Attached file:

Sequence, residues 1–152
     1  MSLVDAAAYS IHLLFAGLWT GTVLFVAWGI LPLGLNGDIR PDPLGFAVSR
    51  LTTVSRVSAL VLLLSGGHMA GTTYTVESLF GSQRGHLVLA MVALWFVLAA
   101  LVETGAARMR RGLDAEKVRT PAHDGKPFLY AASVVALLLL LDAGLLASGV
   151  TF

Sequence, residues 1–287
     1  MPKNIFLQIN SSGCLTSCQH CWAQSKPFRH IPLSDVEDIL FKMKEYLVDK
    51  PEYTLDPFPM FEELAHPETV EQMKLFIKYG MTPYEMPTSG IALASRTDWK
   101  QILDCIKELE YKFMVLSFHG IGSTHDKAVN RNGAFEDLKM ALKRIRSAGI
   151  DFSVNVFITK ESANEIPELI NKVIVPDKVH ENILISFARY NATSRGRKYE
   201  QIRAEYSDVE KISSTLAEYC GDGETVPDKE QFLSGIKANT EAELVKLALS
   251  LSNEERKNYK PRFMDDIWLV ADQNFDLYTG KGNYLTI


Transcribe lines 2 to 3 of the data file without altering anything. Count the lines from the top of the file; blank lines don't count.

     1  MSLVDAAAYS IHLLFAGLWT GTVLFVAWGI LPLGLNGDIR PDPLGFAVSR
    51  LTTVSRVSAL VLLLSGGHMA GTTYTVESLF GSQRGHLVLA MVALWFVLAA